The union representing 9,800 Los Angeles police officers accused California corrections officials of compromising public safety by using computer-based risk assessments to reduce the number of parolees, reports the Los Angeles Times. The Los Angeles Police Protective League expressed “deep concerns” about the Parole Violation Decision Making Instrument (PVDMI), a statistical tool now in use to classify and manage parolees.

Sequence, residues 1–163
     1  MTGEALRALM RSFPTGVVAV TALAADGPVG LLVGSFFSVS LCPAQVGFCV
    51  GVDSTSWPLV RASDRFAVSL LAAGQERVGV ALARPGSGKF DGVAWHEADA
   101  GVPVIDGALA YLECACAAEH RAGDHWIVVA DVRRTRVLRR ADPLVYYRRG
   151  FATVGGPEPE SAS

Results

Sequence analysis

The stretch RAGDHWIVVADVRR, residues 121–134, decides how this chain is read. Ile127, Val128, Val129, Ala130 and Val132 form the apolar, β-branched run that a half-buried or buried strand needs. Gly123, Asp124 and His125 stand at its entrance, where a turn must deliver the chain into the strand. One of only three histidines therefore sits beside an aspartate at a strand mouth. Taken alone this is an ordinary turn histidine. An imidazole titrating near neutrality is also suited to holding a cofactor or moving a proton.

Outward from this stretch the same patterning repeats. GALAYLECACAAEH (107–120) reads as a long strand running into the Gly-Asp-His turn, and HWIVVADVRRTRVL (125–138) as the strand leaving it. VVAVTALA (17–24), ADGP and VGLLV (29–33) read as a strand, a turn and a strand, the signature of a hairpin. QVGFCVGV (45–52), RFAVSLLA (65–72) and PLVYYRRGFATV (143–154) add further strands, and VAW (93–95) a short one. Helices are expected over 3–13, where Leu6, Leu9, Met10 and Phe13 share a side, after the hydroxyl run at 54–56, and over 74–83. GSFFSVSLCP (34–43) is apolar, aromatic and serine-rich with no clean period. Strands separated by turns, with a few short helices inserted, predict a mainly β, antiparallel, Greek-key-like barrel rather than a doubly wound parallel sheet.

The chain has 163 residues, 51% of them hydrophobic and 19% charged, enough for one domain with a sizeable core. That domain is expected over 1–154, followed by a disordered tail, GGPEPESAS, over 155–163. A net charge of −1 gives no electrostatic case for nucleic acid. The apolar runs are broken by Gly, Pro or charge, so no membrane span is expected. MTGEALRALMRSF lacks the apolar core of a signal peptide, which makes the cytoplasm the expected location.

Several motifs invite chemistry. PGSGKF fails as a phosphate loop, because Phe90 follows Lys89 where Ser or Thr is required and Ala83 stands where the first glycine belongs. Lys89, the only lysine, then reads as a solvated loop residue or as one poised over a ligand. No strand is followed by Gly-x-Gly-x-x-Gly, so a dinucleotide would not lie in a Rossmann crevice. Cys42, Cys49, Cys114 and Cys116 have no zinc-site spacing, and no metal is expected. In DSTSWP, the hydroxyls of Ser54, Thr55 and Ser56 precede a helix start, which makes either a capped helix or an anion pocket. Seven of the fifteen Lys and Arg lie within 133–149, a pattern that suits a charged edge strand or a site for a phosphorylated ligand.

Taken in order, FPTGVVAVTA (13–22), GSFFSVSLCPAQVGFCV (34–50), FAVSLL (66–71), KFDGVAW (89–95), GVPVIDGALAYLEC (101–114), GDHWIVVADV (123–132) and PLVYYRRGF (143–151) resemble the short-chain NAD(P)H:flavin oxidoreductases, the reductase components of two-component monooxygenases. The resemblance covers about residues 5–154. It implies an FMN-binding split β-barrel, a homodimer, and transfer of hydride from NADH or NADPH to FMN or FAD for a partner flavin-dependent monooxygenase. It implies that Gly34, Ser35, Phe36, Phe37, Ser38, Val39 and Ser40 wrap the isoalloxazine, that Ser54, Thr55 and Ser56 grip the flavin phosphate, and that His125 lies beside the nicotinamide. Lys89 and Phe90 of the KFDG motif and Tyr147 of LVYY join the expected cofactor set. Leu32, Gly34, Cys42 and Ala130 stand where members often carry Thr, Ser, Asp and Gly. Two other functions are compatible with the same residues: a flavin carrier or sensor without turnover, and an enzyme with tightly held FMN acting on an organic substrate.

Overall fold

Last month, after the governor ordered massive budget cuts, state corrections officials proposed reducing the number of ex-convicts on parole by more than 25 percent and allowing prison inmates to shorten their sentences by completing rehabilitation programs. Parolees monitored by the state would be reduced by more than 30,000 from the current 114,000. Sex offenders, inmates convicted of crimes classified as violent or serious, and others judged to be high-risk would continue to be monitored on parole. Corrections officials tout the computer risk-assessment tool as way to identify parolees with a high risk of violence and who need more attention. They maintain that it helps officials identify lower-risk offenders, who parole agents would spend less time monitoring and who might be eligible for targeted programs rather than being put back behind bars.